If you were here, I suspect you were as deeply moved as I was, because every adult in the sanctuary stood up as one.
Since then we have done much in Strafford, but clearly our society is far from the kind of response we need. Our only hope for changing national leadership and mobilizing all our resources to create a sustainable civilization is for people like us to rise up, each of us using our individual skills, talents, influence and resources in ways that give our lives meaning and joy, risking bold actions to bring about the Great Turning.
We have the wisdom we need to design a golden civilization, yet something is keeping humanity from fulfilling the dream that Jesus and the prophets and our wisest Native American and immigrant ancestors all shared.
Joanna Macy and Chris Johnstone have given us the four steps we need to gain the personal and collective power this moment in human history requires. The last two steps are to change our way of seeing so we recognize our oneness and interconnectedness with all creation, and then to find our own unique way to contribute to the well-being of life on earth.
I will talk about the step of evolving a new way of seeing next week after the pageant. I will talk about us each bringing forth our own contribution as fully as we can on Mary Sunday, the 22nd, because she is the great model of delivering our gifts from God to the world.
Before we can take those steps, we have to take the step of dealing with the inner obstacles that block us from fulfilling our calling and creating the world we dream for our children. Active Hope lays out that step in the chapter, “Honoring Our Pain for the World.”
Pain can take the form of grief or outrage or any strong negative feeling. We need to listen because often pain is giving us important information. To bury it under avoidance and denial is to disable a survival mechanism. Those who are most in danger when their house is on fire are not those who panic but those who convince themselves they can take their time.
Studies have shown that if no one is responding to smoke filling a room, people will ignore their inner alarms even when they start to cough, but as soon as someone leads the way, if enough people follow, catastrophe can be averted. Our pain over what is happening to the earth is the Spirit telling us we need to do something fast. If we can get past what blocks us, it will help others get past what blocks them. That is why we need to honor our pain—it is holy, it is serving an important purpose and it points us to the path of healing and peace.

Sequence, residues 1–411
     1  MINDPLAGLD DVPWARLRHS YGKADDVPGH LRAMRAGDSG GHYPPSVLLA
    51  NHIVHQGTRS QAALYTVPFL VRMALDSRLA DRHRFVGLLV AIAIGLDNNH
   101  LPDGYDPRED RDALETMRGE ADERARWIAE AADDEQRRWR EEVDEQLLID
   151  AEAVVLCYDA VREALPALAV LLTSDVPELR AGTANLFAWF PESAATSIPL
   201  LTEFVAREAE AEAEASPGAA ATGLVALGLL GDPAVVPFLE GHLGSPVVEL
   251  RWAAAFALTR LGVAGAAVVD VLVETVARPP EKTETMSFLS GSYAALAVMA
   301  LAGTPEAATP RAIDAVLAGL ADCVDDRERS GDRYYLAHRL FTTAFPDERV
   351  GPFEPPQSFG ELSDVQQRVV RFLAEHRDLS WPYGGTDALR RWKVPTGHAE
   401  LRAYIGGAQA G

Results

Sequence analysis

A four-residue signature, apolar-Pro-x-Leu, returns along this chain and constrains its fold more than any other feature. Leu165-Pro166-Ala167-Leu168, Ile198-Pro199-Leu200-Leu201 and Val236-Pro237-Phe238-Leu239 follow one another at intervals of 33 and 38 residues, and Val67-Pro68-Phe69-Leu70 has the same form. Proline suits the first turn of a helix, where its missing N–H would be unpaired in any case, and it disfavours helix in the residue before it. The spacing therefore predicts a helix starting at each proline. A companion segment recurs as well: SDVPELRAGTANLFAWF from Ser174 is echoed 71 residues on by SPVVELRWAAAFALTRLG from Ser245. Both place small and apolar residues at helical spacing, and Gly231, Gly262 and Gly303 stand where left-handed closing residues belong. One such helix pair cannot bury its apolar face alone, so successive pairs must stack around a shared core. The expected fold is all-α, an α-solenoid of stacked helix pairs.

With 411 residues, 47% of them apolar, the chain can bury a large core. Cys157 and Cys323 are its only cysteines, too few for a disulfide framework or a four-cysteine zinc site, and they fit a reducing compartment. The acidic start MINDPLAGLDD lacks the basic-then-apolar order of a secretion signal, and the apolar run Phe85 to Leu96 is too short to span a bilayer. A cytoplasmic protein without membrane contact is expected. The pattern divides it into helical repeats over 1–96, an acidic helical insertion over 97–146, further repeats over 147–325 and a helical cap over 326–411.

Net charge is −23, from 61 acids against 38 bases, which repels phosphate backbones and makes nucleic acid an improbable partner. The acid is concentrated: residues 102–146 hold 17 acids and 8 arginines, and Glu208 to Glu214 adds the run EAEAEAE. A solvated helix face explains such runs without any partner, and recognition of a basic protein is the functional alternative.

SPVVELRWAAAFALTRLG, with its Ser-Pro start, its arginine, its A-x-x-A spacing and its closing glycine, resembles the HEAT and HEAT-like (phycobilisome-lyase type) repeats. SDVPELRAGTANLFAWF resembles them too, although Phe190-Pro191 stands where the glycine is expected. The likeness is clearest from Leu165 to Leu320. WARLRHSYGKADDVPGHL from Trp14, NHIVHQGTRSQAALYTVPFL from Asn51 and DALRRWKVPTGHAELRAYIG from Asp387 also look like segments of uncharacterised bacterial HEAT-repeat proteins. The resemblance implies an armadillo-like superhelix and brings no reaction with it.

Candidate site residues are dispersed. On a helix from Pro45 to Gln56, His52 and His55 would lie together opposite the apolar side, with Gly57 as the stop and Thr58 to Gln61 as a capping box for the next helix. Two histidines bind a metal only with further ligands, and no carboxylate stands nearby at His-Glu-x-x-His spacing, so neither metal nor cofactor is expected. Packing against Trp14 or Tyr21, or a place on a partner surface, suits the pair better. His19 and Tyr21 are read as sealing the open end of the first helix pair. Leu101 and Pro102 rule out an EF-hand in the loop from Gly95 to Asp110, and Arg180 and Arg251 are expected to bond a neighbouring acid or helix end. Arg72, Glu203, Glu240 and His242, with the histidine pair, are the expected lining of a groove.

People need more than just information about a crisis if they are going to respond appropriately. Active Hope says, “When people are able to tell the truth about what they know, see and feel is happening to their world, a transformation occurs. There is an increased determination to act and renewed appetite for life.”
When we find peace in the midst of our pain we are able to act more effectively. Speaking and listening compassionately and caringly to our shared truth helps us find peace with what we are feeling. It connects us deeply to one another and to the world, which is another life-giving form of peace.
This is what we will be doing here on December 21st in the gathering we are calling “The Longest Night: Facing the Darkness Together.” We will be experiencing how our pain connects us, and how the darkness can help us find the light we need.
The authors of Active Hope recall how in every great adventure story the heroes eventually realize that the crisis they face is far beyond their capacities to resolve. They see how the fate of their world depends on them finding the allies, understandings and tools they need in order to overcome their limitations and meet the challenge.
This is where we emerge when we go into the darkness of our pain with courage and endurance. We come out changed, seeing with clearer vision what we need to do. We come out with an adventure ahead of us, in the company of all the saints, living and dead, who have dared believe the beautiful words, “By the tender mercy of our God, the dawn from on high will break upon us, to give light to those who sit in darkness and in the shadow of death, to guide our feet into the way of peace.”
Let us pray in silence that we may find the peace within our pain, the light within the darkness that will lead us on our own hero’s journey as part of the movement that Jesus is calling us to join…